1. Legal provisions and agreements
1.1 CH-Bio (Swiss Organic Farming Ordinance)
Products that meet the basic requirements of the Swiss Organic Farming Ordinance may be awarded the “Bio” (organic) label. The principles of the Swiss Organic Farming Ordinance include compliance with natural cycles, the use of organic feed for the production of animal products, avoidance of chemical and synthetic additives and ingredients and a ban on the use of genetically modified organisms.
Organic agricultural ingredients must be used for the production of organic food. With the exception of a few clearly regulated by law, all agricultural ingredients must be organically grown to carry an “organic” label. The use of food additives and non-organic ingredients should be kept to a minimum. Organic food processing should be carried out meticulously and by organic, mechanical or physical methods.(1)
1.2 EU organic farming
Products that meet the basic requirements of the EU Organic Regulation can be awarded the “organic” label. There are virtually no differences between the Swiss and European ordinances. Equivalence between the Swiss Organic Farming Ordinance and the EU Organic Regulation was regulated as part of the Swiss-EU Agreement on Agriculture. This is important for facilitating trade with organic products.
Unlike Switzerland, the EU has defined an EU organic logo. This logo must be displayed on pre-packaged food when it is labelled “organic”.(2)
1.3 CH – U.S. Organic Equivalency Arrangement
There is an equivalence arrangement between Switzerland and the US for organic products. Products that have been produced, processed or packaged in Switzerland and the US and which comply with the relevant organic legislation fall within the scope of this arrangement. The arrangement serves to reduce administrative costs and facilitate organic trade. An additional requirement must be observed for Swiss organic milk products to be exported to the US. The principle of absolute freedom from antibiotics applies, i.e. a herd of cows (including calves) must never come into contact with antibiotics.(3)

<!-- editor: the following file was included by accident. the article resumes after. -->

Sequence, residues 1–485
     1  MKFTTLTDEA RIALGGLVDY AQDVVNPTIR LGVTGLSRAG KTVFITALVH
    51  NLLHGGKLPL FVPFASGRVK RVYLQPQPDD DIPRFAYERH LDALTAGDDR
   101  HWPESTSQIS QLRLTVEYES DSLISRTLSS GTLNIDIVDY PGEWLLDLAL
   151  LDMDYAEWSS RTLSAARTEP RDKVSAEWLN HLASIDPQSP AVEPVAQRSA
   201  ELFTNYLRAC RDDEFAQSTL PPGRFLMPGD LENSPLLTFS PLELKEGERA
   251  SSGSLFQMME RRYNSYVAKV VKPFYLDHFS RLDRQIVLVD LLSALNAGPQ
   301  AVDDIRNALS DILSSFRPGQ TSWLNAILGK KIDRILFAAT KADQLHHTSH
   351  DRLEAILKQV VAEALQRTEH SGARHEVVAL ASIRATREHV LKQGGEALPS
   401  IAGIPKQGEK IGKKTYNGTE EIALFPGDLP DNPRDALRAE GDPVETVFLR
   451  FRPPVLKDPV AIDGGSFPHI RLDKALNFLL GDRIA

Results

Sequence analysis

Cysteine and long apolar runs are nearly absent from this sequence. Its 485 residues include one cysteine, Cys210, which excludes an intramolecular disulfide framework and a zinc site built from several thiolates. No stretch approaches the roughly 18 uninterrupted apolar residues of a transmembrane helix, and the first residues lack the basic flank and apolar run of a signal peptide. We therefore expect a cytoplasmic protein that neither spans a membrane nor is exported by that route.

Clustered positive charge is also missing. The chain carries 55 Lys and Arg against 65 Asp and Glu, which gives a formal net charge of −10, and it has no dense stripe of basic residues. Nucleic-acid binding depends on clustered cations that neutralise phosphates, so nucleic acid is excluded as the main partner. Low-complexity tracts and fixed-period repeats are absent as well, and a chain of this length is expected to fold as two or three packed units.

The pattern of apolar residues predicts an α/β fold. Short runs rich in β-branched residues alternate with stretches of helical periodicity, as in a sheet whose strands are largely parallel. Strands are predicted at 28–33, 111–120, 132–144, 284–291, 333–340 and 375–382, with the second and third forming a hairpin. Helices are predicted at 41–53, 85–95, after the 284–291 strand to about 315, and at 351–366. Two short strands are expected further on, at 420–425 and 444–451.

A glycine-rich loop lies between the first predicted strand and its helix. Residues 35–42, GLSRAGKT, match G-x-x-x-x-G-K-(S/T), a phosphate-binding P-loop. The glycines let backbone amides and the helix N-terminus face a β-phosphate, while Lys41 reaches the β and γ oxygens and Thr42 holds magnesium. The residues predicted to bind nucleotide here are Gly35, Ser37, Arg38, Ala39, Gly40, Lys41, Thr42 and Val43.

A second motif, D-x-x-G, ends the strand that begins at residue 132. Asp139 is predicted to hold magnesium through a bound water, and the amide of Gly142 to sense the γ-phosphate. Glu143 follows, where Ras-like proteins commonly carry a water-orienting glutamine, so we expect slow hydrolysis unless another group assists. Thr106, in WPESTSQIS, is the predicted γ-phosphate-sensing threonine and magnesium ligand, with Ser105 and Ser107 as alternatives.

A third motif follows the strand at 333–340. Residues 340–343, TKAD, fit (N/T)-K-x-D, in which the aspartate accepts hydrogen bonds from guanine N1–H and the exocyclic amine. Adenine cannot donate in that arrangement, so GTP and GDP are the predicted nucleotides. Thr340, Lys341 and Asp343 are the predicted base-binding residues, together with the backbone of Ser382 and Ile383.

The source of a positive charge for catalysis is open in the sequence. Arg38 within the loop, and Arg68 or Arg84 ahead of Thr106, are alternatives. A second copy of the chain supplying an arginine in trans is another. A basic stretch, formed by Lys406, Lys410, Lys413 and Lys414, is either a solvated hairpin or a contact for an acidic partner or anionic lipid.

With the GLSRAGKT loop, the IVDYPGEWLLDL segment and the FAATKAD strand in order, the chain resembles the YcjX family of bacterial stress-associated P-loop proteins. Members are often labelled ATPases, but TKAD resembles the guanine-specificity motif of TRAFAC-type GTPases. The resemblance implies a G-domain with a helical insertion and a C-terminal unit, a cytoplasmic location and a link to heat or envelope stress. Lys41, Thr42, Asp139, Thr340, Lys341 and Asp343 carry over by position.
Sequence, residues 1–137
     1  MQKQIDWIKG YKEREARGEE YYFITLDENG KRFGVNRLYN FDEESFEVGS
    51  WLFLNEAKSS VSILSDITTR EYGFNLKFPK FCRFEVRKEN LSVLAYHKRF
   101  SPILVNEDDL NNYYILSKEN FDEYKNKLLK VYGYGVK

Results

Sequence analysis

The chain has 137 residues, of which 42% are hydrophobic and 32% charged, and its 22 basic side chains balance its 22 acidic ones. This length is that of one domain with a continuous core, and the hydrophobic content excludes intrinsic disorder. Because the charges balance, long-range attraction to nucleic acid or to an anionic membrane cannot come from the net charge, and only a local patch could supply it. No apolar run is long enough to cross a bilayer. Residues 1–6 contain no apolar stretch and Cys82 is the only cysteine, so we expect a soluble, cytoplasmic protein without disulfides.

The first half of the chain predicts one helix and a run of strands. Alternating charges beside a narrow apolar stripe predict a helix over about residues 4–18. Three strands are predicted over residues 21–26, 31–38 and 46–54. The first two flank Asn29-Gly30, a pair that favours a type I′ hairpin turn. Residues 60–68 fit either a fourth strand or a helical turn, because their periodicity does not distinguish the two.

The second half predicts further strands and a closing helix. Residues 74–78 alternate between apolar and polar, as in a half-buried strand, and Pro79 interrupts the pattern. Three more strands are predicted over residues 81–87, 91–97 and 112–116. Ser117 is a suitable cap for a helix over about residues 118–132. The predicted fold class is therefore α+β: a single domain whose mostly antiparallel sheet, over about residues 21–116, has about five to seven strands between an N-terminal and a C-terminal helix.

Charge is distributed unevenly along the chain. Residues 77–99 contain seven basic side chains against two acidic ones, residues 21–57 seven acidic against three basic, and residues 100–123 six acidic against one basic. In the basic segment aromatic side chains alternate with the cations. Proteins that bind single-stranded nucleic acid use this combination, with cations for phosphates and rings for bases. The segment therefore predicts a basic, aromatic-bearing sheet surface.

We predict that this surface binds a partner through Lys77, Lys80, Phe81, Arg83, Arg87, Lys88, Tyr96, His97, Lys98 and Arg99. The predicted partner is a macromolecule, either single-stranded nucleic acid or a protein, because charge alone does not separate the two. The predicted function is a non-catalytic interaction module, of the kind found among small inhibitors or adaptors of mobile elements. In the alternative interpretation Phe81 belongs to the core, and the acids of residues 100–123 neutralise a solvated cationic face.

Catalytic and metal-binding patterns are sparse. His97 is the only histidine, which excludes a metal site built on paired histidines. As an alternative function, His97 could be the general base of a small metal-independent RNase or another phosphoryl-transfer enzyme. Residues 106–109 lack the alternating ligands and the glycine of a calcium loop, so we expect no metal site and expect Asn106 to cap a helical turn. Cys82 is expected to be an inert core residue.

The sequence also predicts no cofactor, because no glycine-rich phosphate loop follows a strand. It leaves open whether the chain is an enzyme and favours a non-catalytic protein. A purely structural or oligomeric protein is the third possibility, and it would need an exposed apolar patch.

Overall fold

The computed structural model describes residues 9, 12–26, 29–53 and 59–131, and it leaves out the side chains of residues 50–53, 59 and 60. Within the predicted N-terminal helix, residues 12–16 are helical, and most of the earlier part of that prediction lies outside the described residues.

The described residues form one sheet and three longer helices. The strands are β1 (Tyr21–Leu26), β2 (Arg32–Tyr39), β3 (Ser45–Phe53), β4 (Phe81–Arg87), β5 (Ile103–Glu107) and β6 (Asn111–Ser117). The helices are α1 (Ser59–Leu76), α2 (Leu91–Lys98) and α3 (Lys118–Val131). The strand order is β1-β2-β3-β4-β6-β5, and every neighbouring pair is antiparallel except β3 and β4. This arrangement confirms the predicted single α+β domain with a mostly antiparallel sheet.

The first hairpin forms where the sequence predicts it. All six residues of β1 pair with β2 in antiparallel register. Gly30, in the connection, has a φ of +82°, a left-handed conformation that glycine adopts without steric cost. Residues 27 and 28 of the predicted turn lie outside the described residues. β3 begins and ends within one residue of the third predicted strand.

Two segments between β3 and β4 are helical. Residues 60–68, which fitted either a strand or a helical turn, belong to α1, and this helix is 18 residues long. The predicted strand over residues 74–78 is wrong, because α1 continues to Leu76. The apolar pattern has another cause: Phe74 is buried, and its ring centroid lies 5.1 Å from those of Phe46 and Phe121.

2. Organic standards under private law
2.1 Bio Suisse
- Bio Suisse Bud: at least 90 % of the raw materials come from Switzerland
- Bio Bud: contains more than 10 % imported raw materials
The Bio Bud organic brand is owned by Bio Suisse, the umbrella organisation of Swiss Bio Bud businesses. Bio Suisse has defined guidelines for producing vegetable and animal products as well as for their processing and trading. These guidelines are stricter than the CH-Bio label requirements. So fewer additives and processing ingredients are allowed for Bio Bud products than for CH-Bio organic products and rules are defined for the processing procedures. Bio Bud products must be processed as gently as possible, using only essential processing steps. According to the Bio Bud guidelines, sterilised milk, for example, is not permitted, but UHT milk is, since it has been heated more gently.(4)
- Article "Infant and young child formula in organic quality"
- Short article "The new EU Organic Regulation"
- Overview "Facts about the organic market"
1) BIO SUISSE DOWNLOADS: https://www.admin.ch/opc/en/classified-compilation/19970385/index.html, EAER Ordinance (SR 910.181): https://www.admin.ch/opc/en/classified-compilation/19970387/index.html.
2) EU Organic Regulation (EU 834/2007: https://eurlex.europa.eu/legal-content/DE/TXT/?qid=1542356033040&uri=CELEX:02007R0834-20130701.
3) bio.inspecta AG: Information sheet on the USA – Switzerland equivalence arrangement with regard to the mutal recognition of organic standards.
4) Bio Suisse: https://www.bio-suisse.ch/media/VundH/unterschiede_knospe-bio_d.pdf, https://www.bio-suisse.ch/media/VundH/Regelwerk/2018/DE/rl_2018_1.1_d_gesamt_11.12.2017.pdf.
5) Migros directive: Weisung 7.4.50: Richtlinien Migros Bio, Verarbeitung und Handel